Pima Community College has reached an undisclosed financial settlement with another one of the eight women who accused the school’s former leader of sexual harassment.
But some of them will get no such redress, despite a pledge by the college last year to “make whole the individuals who came forward with allegations” against former Chancellor Roy Flores.
In a situation one expert describes as “unprecedented,” PCC is acknowledging harassment occurred and that women were harmed by it, while also maintaining that some aren’t entitled to compensation because they kept quiet about it for too long.
College attorney Jeff Silvyn, who last year told PCC’s accreditor the school would help Flores’ victims, now says some will not receive aid because they missed the legal deadlines to file claims against the college.
Spending tax dollars to make amends to those who didn’t file timely claims would constitute an illegal “gift of public funds” under Arizona law, Silvyn said.
Liz Watson, a senior attorney with the National Women’s Law Center, a policy and advocacy group based in Washington, D.C., said she’s never heard of a situation like PCC’s in 13 years as an employment lawyer.
“To my mind, that is unprecedented,” Watson said of the college’s explanation for why some of women will receive no redress despite the admission they were wronged.
Federal law requires workplace harassment claims to be filed within 300 days, but experts say most victims don’t complain, often because they fear being fired if they do.
At Pima, only two of the eight who had run-ins with Flores filed complaints within the statutory time limit. Some kept quiet for years until the college finally conducted an internal investigation in 2012, nine years after Flores arrived.
His accusers cited various types of impropriety, which Flores denied. One, for example said Flores would call her from his bathtub while naked. Another said he tried to force her onto a hotel room bed during an out-of-town conference.
Flores quit, citing ill health, shortly after the internal review found the women’s claims “largely credible.”
A later investigation by PCC’s accreditor, which led to the school being placed on probation, faulted the school’s “dysfunctional” Governing Board for failing to investigate anonymous complaints about Flores.
Some of Flores’ victims quit their jobs and found work elsewhere. At least four still work for the college.
In 2012, PCC paid a $30,000 settlement to one of the women. Officials so far have declined to say how much the second will receive.
As part of the latest deal, the victim insisted — and the college’s new leader agreed — that PCC would issue a public statement acknowledging what happened and praising victims for their courage in eventually coming forward.
Chancellor Lee Lambert also is making a video statement for the college’s website.
“We have to acknowledge the harms of the past and learn from them,” Lambert said in the statement crafted jointly with the woman who requested it.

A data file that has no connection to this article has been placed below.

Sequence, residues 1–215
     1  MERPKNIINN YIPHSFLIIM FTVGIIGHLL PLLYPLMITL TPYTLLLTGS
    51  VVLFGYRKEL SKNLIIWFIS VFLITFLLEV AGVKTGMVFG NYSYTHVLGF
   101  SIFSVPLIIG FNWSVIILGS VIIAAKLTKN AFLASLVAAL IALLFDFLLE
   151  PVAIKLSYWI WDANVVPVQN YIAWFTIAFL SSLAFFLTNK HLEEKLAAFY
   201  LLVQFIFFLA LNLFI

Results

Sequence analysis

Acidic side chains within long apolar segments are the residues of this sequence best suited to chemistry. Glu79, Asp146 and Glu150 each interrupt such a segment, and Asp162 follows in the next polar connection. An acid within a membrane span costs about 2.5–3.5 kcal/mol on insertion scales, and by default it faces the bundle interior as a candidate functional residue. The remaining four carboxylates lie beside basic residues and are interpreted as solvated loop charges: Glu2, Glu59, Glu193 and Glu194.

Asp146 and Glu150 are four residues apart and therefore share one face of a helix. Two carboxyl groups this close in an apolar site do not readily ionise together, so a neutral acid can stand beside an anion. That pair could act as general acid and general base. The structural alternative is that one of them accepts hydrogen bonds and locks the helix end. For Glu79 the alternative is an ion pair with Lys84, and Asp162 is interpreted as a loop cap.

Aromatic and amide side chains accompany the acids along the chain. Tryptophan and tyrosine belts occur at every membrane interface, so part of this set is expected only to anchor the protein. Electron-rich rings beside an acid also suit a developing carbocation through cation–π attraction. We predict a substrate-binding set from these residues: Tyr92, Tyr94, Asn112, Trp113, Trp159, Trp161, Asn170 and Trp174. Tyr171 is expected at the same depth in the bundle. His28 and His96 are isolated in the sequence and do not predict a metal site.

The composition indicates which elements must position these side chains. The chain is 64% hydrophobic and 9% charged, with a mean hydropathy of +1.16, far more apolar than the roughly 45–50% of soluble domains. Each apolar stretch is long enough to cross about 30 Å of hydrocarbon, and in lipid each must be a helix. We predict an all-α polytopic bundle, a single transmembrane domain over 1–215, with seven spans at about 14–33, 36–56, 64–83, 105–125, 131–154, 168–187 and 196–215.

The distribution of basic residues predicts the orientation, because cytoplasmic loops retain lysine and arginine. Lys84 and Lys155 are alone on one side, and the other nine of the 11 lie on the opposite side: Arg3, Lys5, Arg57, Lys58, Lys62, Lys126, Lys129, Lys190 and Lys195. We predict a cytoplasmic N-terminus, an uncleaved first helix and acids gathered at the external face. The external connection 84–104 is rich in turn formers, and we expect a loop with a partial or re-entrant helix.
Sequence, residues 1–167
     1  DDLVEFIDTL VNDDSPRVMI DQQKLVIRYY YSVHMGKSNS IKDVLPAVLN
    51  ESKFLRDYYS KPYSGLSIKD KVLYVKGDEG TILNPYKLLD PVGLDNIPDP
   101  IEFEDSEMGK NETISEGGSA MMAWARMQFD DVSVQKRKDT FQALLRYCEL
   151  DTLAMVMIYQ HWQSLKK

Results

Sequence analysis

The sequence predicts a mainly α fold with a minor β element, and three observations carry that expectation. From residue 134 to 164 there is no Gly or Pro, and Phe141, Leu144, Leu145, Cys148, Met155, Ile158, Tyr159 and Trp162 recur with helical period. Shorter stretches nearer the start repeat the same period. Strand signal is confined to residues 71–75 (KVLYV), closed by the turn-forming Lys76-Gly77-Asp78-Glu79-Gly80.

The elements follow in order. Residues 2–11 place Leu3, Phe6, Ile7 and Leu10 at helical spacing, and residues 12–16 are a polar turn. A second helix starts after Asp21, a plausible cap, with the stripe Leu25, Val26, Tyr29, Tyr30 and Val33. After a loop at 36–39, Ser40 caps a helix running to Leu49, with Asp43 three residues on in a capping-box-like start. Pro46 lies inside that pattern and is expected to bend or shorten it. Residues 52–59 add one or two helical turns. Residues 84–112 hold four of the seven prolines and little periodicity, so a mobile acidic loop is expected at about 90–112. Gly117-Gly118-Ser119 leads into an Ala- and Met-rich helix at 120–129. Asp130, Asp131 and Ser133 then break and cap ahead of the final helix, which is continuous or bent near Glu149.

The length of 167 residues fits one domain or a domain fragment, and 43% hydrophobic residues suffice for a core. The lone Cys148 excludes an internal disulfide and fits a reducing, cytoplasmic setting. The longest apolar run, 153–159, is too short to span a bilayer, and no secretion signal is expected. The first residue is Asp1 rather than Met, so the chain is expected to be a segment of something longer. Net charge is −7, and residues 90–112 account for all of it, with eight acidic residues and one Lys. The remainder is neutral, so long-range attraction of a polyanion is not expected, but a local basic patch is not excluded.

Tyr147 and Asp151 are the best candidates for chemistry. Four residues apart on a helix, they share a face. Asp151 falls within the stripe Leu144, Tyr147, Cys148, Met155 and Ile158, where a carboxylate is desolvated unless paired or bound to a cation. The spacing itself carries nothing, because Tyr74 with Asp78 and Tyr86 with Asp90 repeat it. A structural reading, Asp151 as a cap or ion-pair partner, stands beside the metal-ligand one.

“A critical chapter of the college’s past occurred when eight women employed by the college had the courage to come forward and report sexual harassment and retaliation by the former chancellor,” the statement said.
“These women were willing to face (Flores) directly with an independent investigator. Rather than do so, he resigned more than a year before the end date of his contract.”
The victim who pushed for the statement told the Arizona Daily Star she felt it was crucial for PCC to admit to what happened, especially since some officials initially downplayed the harassment claims.
Though most of the victims’ names aren’t public, some have been targets of gossip and labeled troublemakers by co-workers, said the woman, who asked not to be identified.
“We don’t want to be looked upon as troublemakers. We are courageous truth tellers,” she said.
Lambert estimates five of the eight women are at peace with the final outcomes of their cases. Some did not request financial compensation but asked for better harassment prevention, which the school has done, he said.
The Star was able to contact five of the eight for comment Thursday. One victim was satisfied, one declined comment and three said they felt they’d been kicked to the curb.
Jacquelyn Jackson of Tucson, the only one of the eight who has agreed to be publicly identified, said the college seemed more interested in creating the appearance of helping than in actually helping victims.
“After everything that went on, some of us are walking away with nothing, paying for our own therapy bills, working at other jobs that pay half of what we made,” said Jackson, a former PCC administrator.
Watson, the D.C. lawyer who advocates for workplace justice for women, said while some aspects of the PCC case seem unusual, sexual harassment itself is not.
“This happens at all levels across all job types. It’s less talked about today but it is still out there, hiding in plain sight,” she said. Surveys have shown about 25 percent of women and 10 percent of men have experienced harassment at work, she said.
“In 2014, when so many women have a crucial role as breadwinners, we shouldn’t still be faced with this.”